My earliest memories are of very immersive experiences so where possible I’m compelled to make immersive multi-sensory work to share a deeper experience with audiences. I love hypnotic ostinati and moving freely in and out of groove. While I enjoy exploring dissonance and darker themes, and it’s important and cathartic to do so, I have a tendency ultimately towards optimism in my music. I love the sublime, the ecstatic and aesthetic beauty. My music is usually a somewhat unconscious culmination of all of my experiences. My music processes my experiences before I can intellectually or verbally.
Most of my listening experiences are of jazz, classical, minimalism, French music, new music and gamelan. So inevitably typical gamelan and jazz syncopations find their way into my works, but with extended harmony and in a very different context. Some of my music gets labelled as jazz, which makes me smile as it was my childhood dream to be a jazz pianist, yet I still can’t play a single standard.
I’m also constantly amazed and affirmed by how connected everything is. You can hear the gamelan influence in the music of Debussy (ostinati, tempo fluctuations, gong cycles) and so much modern jazz harmony (nine chords, modes, whole tone scales) was first heard in Debussy’s music (before modern jazz came to be). The jazz syncopations from cruise ships docked in North Bali inspired the creation of Bali’s leading gamelan style ‘Gong Kebyar’. So, it’s not really a stretch to combine these three seemingly disparate, though clearly connected forms of music. And likewise, adding in some Irish language, visual elements, tastes, and other musical influences is the most natural of progressions to me.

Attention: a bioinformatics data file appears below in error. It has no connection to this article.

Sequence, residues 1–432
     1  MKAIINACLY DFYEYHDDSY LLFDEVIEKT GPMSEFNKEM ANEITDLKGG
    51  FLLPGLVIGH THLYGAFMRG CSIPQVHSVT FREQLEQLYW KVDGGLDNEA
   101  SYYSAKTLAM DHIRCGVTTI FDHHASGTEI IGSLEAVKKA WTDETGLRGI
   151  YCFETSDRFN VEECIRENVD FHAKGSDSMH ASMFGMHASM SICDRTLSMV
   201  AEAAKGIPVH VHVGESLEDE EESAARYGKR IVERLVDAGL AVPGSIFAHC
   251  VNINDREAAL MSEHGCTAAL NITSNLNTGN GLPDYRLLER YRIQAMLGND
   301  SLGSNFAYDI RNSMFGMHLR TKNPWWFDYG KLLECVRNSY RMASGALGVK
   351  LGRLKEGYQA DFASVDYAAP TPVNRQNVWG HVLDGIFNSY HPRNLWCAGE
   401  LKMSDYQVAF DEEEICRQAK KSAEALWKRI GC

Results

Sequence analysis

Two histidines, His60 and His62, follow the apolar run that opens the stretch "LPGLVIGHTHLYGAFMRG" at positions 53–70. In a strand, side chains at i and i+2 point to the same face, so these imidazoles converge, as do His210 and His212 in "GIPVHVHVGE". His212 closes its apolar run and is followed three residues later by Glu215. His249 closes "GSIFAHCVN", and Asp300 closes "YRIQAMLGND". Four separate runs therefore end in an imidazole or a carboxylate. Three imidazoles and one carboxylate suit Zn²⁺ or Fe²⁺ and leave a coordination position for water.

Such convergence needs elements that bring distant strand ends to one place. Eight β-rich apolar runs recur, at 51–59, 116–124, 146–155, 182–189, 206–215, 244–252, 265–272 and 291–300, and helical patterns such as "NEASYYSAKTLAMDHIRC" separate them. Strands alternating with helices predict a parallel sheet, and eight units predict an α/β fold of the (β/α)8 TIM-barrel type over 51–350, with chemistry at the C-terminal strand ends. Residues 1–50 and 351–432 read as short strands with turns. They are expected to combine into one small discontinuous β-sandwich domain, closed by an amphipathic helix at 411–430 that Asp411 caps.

Bianca Gannon. Photograph © Damien Vincenzi
Is it right that you use improvisation in concerts?
When performing my own compositions, I prefer to play from memory. As such I tend to leave them a bit open and improvised for spontaneity and in case of emergency (!). When writing for other ensembles I’ve used a mixture of approaches from completely notated to inclusive of some guided improvisation. Composition is an amazing process of refinement and pushing beyond initial ideas to something really special.
When I perform as part of improv trio Impermanence (and often solo, too) the full performance is totally improvised – or rather “instantly composed”. For me this is such an authentic way to experience music – to just let the ideas flow without any preconceptions, while carefully listening to and responding to my band mates and sometimes reworking opening themes later in the performance, and being somewhat conscious of a sense of overall structure. There’s no luxury of overthinking and your ego is forced out of the way. Gut reactions blossom. Ideas constantly evolve as you never know who is going to do what. The energy is so different in performances of meticulously notated scores that performers know inside out and in pure improvisation performances. I love both!
Have you played with Rubiks Collective, or composed for them before?
I did play some gamelan with Kaylie Melville a few years ago as part of Gamelan DanAnda. This is, however, my first time working with phenomenal group Rubiks Collective.
Do you know yet what you plan to compose for them as part of the Pythia Prize?
I proposed a couple of ideas involving non-musical inspirations. I think that this resonated with them as a group with a penchant for storytelling. I plan to embrace this incredible workshopping opportunity to create something truly bespoke in collaboration with Rubiks, celebrating all our strengths but also growing together. Who knows what ideas will come out of the creative development process?! More fun surprises to look forward to!